Lifestyle and Dietary Changes to Keep Heart Diseases at Bay

Your heart is a complex organ that works constantly to keep the body supplied with oxygenated blood. A healthy heart means a healthy body, which is why it is critical to look after it. It is much easier to prevent illness than to recover from it and this holds all the more importance when it comes to heart health. Several health conditions, your lifestyle, age and family history can add to the risk for heart disease.

Among the numerous factors affecting heart health, there are some lifestyle changes that we can implement to reduce the maximum risk of cardiovascular diseases. And in this article, we are talking about such lifestyle implementations to keep cardiac problems at bay.

Get active

To maintain a healthy heart, exercise is necessary. Similar to how exercise helps you gain muscle, it also strengthens your heart. The American Heart Association advises either 75 minutes of intense activity (like running or aerobics) or 150 minutes of moderate exercise (like brisk walking, swimming, or biking) each week. Additionally, incorporate exercise into your daily routines and, if you work at a desk, take frequent breaks to stretch or go for a walk.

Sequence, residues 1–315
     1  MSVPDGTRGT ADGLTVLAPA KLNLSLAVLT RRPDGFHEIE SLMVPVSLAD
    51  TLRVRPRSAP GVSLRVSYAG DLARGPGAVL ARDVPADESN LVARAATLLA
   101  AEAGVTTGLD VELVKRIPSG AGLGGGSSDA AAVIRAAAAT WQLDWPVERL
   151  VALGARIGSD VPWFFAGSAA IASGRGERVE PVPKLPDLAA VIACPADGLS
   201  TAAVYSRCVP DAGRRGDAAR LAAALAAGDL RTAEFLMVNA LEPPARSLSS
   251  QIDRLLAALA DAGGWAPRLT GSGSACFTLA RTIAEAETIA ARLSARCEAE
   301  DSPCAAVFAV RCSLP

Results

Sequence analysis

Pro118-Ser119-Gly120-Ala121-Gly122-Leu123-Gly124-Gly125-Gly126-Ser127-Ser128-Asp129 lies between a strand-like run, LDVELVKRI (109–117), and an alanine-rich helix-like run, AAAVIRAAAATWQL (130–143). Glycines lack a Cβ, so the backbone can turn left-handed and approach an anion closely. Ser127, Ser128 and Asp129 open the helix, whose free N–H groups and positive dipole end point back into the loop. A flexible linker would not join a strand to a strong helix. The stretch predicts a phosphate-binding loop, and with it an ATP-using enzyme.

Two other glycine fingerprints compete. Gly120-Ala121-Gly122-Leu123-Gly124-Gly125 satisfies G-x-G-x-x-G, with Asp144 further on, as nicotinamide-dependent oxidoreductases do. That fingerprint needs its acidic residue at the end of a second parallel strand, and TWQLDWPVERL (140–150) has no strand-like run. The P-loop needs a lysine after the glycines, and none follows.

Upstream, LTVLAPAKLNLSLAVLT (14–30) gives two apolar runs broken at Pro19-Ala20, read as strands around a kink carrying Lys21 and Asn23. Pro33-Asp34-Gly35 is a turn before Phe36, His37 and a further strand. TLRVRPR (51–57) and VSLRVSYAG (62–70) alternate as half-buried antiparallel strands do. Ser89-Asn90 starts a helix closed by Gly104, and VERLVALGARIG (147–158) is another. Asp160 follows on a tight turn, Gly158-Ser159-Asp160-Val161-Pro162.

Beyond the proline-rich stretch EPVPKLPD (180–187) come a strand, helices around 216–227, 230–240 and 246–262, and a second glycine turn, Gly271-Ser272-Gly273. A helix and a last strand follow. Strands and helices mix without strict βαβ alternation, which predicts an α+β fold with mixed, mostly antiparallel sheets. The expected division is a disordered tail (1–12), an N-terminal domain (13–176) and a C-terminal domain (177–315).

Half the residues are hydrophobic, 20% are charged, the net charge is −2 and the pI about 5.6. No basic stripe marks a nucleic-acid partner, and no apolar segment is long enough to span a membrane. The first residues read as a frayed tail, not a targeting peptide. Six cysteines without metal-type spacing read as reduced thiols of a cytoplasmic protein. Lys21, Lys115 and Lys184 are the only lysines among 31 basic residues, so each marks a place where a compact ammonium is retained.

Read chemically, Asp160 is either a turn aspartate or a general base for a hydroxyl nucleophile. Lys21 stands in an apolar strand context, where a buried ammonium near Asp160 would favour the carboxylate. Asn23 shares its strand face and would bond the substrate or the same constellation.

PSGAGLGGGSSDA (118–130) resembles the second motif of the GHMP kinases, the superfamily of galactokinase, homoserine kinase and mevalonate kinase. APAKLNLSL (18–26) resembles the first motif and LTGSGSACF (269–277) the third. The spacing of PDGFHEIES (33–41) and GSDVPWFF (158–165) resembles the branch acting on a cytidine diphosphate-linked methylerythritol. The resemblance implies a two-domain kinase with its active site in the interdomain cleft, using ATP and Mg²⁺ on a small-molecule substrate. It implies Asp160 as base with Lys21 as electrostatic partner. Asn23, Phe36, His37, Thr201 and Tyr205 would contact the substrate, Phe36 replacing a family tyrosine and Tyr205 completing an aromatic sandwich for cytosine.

Consume healthy fats instead of unhealthy ones

Not all fats are considered equal. Foods can contain healthy fats that lower bad cholesterol, increase good cholesterol, and lessen your risk of heart disease, as well as unhealthy fats that clog arteries, make you gain weight, and raise your blood cholesterol levels. Avoid trans fats, which are present in prepackaged meals, margarine, and fried fast food, and limit saturated fats, which are present in butter, high-fat meats, and dairy products. Increase your consumption of healthy fats, which are present in foods like salmon, nuts, seeds, and veggies.

Limit eating salt and oil

Processed food contains a high amount of salt and oil that harms our bodies in many ways. Limited sodium and cholesterol-causing oil help in deterring any heart-related alignments. Limit sodium intake to only 2,300 mg (1 teaspoon of salt). Eat primarily unsaturated fats, like olive and canola oils.

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Stop smoking

Smoking, as we know, majorly harms the human body, especially heart health. If you stop or limit it to a minimum, it can control your diabetes and hypertension.

Rest well

It may come as a surprise to learn that sleep contributes to heart health, but it is true. Deep sleep allows your body to enter periods of reduced blood pressure and heart rate, allowing your heart to rest. It also helps to regulate your blood pressure, restores the body, and reduces stress. The National Sleep Foundation recommends that adults must get seven to nine hours of sleep per night, depending on their age.

Avoid fried food

Instead of fried food, consume boiled, roasted, baked, or poached food. Avoid consuming high calories and fat, mainly saturated and trans fat.

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